The direction to show these breakdown episodes without apology or candy-coated pablum made me clap. I mean, for the whole narrative payoff to work it needs to be, but, again, they could have completely gone the other way and show only the “cute” kind of these people’s brain quirks—the  OC behavior in TV shows like “Monk” or “The Big Bang Theory.” Bravo for presenting us with the seat-writhing, uncomfy stuff (and I do mean cringe-worthy) without judgment or agenda. 
It’s the same approach the movie takes when we’re presented with recently-widowed sex addict Tiffany Maxwell (Jennifer Lawrence, in the role for which she won an Academy Award for Best Actress). She tells him that she’ll help Pat get Nikki back by sending her a letter he wrote. That is, on the condition he agrees to be her partner for a dance competition.
Pat meets recently-widowed sex addict Tiffany Maxwell (Jennifer Lawrence, in the role for which she won an Academy Award for Best Actress).
To be fair this isn’t just about Pat’s craziness. No way, since Tiffany also suffers from a confidence and deep self-esteem problem. It manifests itself in sexual promiscuity. Or as Tifanny herself puts it: “Yes, I was a big slut.” 
The visual metaphor of how Tiffany literally keeps running after Pat on his daily jogs and the way it reverses toward the end is a nice touch. And it’s also a great, subtle commentary about people in distress—especially mental duress—often having delayed reactions to causality in the present, needing the obvious beneficial decision (at least the one that hurts the least people) pointed out to them. Even the detail about how the mental disease pecking order of the least crazy looking down on those crazier than they are is spot on. 
I’ve often heard it said that there’s no real cure for psychological diseases, only a level of functioning adjustment, something that keeps you in a state of balance. “Silver Linings Playbook” presents us with that balance in the least sappy way possible as we’re shown the unusual courtship happening between Pat and Tiffany. Such a tangential way to go about it, but it’s a courtship nonetheless. Eventually all the hard work they earn toward competing keeps them too busy to even have any opportunity for any relapse. Plus it helps that Cooper and Lawrence have genuine chemistry. It culminates in the intimate albeit embarrassing (in a good, funny, way) finale number.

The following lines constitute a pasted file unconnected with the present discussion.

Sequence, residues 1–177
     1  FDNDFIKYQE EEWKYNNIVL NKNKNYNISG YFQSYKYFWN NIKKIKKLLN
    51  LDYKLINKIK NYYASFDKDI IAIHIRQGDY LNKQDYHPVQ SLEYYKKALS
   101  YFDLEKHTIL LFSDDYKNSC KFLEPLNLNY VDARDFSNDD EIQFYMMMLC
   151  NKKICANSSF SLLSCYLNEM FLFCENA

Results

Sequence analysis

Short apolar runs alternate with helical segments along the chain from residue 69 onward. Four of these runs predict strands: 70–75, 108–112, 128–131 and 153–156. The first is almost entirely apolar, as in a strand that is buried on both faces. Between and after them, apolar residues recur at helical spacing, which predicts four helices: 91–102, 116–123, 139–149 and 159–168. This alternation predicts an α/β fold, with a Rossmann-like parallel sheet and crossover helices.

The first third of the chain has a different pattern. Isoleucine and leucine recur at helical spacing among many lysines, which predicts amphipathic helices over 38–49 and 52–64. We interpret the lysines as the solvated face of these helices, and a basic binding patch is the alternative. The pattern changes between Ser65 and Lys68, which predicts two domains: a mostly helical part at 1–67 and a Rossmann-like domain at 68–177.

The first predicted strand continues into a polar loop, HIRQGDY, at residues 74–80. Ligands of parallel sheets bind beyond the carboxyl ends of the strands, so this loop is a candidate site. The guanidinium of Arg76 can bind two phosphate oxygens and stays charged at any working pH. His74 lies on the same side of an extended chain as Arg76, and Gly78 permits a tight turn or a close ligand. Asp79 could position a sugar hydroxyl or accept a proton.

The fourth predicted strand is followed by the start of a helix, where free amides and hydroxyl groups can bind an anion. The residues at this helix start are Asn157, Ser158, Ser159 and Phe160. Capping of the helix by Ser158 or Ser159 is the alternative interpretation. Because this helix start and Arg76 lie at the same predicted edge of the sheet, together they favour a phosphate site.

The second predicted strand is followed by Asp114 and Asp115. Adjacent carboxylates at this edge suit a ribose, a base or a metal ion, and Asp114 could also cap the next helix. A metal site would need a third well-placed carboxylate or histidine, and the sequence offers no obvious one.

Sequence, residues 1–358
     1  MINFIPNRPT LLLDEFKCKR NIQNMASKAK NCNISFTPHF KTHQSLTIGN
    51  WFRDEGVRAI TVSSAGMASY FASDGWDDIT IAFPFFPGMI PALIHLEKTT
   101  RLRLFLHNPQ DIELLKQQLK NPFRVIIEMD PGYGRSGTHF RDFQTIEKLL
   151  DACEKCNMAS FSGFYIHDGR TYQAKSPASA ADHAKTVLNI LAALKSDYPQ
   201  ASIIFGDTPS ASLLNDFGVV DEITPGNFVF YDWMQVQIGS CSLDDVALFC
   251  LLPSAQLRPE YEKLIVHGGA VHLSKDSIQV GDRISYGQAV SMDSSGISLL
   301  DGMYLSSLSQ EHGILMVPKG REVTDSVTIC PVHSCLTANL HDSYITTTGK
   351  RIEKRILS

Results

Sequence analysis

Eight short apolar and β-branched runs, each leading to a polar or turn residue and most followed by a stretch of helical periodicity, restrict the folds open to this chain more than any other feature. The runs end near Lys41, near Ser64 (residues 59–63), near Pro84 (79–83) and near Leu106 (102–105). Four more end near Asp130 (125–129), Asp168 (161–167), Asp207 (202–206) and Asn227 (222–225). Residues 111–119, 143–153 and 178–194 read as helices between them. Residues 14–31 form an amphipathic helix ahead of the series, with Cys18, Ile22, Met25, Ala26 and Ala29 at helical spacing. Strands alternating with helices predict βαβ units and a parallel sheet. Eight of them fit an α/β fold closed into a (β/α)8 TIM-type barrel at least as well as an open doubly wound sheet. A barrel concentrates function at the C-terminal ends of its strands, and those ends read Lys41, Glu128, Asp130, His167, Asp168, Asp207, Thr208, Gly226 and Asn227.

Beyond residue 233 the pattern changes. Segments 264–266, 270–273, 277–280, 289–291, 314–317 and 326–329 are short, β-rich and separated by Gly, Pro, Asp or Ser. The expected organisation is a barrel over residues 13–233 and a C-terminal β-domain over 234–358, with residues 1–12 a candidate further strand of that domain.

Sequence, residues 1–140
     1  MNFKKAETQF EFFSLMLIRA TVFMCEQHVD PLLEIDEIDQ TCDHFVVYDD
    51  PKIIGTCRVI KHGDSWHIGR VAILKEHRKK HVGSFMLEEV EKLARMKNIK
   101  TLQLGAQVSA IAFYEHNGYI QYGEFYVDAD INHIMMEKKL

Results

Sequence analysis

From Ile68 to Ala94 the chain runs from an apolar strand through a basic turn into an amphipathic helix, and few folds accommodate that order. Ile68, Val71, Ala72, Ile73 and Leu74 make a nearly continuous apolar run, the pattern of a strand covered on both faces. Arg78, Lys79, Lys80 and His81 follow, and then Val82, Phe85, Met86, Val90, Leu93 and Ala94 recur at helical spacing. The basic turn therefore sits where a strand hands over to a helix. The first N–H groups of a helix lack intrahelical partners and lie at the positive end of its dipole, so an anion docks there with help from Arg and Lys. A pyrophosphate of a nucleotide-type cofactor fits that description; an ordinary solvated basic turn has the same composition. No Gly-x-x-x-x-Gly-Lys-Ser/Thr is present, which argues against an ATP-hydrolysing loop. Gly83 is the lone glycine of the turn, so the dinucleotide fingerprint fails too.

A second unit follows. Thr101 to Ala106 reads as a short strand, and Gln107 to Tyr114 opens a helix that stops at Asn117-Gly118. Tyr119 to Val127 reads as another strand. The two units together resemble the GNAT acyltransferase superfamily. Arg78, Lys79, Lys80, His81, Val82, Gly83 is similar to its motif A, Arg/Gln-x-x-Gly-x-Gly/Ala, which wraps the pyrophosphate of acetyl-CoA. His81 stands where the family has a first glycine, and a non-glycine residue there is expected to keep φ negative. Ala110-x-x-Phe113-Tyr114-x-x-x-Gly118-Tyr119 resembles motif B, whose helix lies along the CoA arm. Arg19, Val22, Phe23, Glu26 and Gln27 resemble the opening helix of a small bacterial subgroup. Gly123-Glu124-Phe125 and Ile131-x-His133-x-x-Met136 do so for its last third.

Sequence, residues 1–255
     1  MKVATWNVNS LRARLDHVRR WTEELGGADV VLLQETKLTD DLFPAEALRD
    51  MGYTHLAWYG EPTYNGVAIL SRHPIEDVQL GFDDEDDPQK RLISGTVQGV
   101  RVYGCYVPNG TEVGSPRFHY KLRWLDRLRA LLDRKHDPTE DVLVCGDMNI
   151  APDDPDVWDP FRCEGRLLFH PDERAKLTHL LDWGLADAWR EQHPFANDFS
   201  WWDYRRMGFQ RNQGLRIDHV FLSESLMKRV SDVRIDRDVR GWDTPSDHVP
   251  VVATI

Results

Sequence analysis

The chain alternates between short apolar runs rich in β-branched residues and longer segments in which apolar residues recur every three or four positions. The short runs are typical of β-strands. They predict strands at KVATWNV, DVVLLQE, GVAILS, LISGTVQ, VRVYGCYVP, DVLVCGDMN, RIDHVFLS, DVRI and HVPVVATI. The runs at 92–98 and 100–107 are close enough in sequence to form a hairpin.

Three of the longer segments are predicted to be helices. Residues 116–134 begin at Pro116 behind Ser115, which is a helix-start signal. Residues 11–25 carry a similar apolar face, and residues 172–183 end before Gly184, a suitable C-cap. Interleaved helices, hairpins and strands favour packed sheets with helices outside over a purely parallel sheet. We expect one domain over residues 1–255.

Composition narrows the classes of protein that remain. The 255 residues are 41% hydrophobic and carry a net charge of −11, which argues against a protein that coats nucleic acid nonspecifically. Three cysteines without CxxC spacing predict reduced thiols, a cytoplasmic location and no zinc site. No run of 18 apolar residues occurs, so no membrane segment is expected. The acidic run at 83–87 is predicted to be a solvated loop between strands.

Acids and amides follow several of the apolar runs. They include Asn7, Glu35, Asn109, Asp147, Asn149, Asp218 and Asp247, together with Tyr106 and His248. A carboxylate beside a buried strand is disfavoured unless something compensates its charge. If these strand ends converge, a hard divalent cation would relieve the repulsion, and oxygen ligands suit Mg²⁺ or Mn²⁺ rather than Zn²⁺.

Since the screenplay’s adapted from the similarly-titled novel by Matthew Quick, I wonder if the tone of the characters change when you’re actually inside their heads. Chris Tucker’s character Danny (who has a great supporting role by the by) is an especially interesting case of off-kilter. 
Even if the rom in this rom-com is undeniably Hollywood, how Tiff and Pat fit each other’s crazy is an inspiring, entertaining story of how the right people can be good for each other and how they can, in quantifiable terms, keep the madness at bay. You know how they say two people in love can be “crazy for each other”? Watch “Silver Linings Playbook” and see just how two sides of chaos make a pair.   
“There will always be a part of me that is dirty and sloppy,” declares Tiffany in one confrontation with Pat. “But I like that, just like all the other parts of myself. I can forgive.”
For once a rom-com gets it right with its message, like an acupuncture needle finding the right spot: love heals, and the right love heals quickest. —KG, GMA News
“Silver Linings Playbook” is currently screening in major theaters.

All photos courtesy of The Weinstein Company